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  • After Sacrifice Ontology:The Shared Revelatory Dynamic of Heidegger and Girard
  • Anthony W. Bartlett (bio)

In a relatively little-known interview, conducted by Thomas Bertonneau, Girard remarks that with Heidegger there is an aspect he "would almost call a worship of the old sacred," something that struck him as "pretty scary … sinister." But, almost in the same breath, Girard continues, "And yet there can be no doubt that Heidegger is a genius."1

This doubled attitude to Heidegger, where on the one side the German philosopher is basically a hostile relic of the archaic sacred, and on the other he has contributed something of genius to contemporary thought, has not been sufficiently examined among Girardians. The default position seems to be a dismissal on account of the former and an unwillingness to engage in respect to the latter.2 But if for Girard there is something of genius in Heidegger, it is, I believe, because Girard found dynamic evidence for his own thought in Heidegger's work, and not at all simply as passive demonstration. Indeed, to bring to light this Heideggerean contribution to Girard is to unearth a deeper point, one that promises finally a far greater degree of positive significance than any vein of antagonism. Once the overlay of the sacred (or re-sacralization) is stripped away, a deep structure of thought is left in Heidegger of exceptional interest to [End Page 119] Girardian revelatory anthropology. It is possible in fact that Heidegger's ontology can be seen to underlie Girardian thought, in a kind of refracted and yet authentic image, and so lead us to the threshold of an entirely new, nonviolent thought of being.3 Hence, I think, Girard's ascription of genius.

Heidegger can be seen as a thinker with whom Girard has always been centrally in dialogue. A direct connection is made by Girard in his book Things Hidden since the Foundation of the World,4 and in a highly significant way. We will turn to this in our core reflection below, but the implicit relationship is perhaps at least as revealing. Heidegger came to prominence with the 1927 publication of Being and Time, a landmark work that used the tools of phenomenology to explore the meaning and shape of human existence; or, more properly, the meaning of "Dasein" (existence), the name he gives to the (human) being for whom be[-ing] is a question. Heidegger in fact consistently claims that his object of study is "being," not humanity.5 Thus he begins his book with the statement that the question of be[-ing] has been forgotten. It is accordingly his task to bring that question back to the level of main concern and reflection. All the same, the vivid descriptions of human existence and temporality as the place where be[-ing] becomes a question lent the work a deeply human feel, and it is out of their vigor that the philosophy of existentialism was born. It is, therefore, this rich mixture of the human situation and the claim of a vital underlying truth that until now has been cast in oblivion that provides the first layer of structural continuity between Heidegger and Girard, a mutual frame of thought that is as unmissable as it is characteristic in both thinkers.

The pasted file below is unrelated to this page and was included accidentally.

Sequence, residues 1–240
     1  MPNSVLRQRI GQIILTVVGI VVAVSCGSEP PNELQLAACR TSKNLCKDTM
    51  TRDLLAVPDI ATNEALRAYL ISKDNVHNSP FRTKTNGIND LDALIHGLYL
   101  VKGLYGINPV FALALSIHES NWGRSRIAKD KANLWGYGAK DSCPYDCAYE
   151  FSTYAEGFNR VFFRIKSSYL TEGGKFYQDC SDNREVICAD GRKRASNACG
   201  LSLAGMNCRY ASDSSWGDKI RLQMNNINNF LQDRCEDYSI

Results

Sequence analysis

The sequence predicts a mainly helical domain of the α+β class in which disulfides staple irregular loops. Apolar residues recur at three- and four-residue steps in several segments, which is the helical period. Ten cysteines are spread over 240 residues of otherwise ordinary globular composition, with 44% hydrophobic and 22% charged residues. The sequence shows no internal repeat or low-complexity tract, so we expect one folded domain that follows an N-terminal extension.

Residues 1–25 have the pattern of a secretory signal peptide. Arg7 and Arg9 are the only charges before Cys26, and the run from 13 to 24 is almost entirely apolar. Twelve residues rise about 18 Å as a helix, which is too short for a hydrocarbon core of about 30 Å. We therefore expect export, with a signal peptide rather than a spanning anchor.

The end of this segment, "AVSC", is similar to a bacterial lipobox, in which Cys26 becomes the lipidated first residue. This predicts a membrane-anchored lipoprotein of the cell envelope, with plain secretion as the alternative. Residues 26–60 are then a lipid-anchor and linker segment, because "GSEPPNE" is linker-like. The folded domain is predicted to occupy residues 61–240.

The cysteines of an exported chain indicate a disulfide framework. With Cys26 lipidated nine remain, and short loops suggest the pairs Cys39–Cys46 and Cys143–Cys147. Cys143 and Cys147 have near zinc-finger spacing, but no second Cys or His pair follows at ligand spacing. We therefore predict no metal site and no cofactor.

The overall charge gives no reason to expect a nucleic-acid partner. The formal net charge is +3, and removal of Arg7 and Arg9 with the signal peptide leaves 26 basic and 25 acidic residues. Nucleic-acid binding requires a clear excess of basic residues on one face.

There is clearly not the space here for an exposition in detail of Heidegger's philosophy; key elements will emerge as we go along. At this point we will simply name further continuities. Both thinkers challenge metaphysical orthodoxies that have been upheld as the foundation of human meaning. They both articulate a primordial "event" character to reality. Their thought pivots around the theme of "difference." They return to ancient Greek texts for critical evidence. And they succeed overall in asking profound, destabilizing questions about the nature of human existence. Now, if this continuity or shared dynamic is true, there is a possible highly significant consequence. The unity of structure can be seen bearing reciprocally on each thinker's thought. It can show Heidegger's "worship of the sacred" to be ultimately a willful and transparent re-sacralization of what has been first set free from the sacred. At the same time it suggests dramatic...


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pp. 119-138
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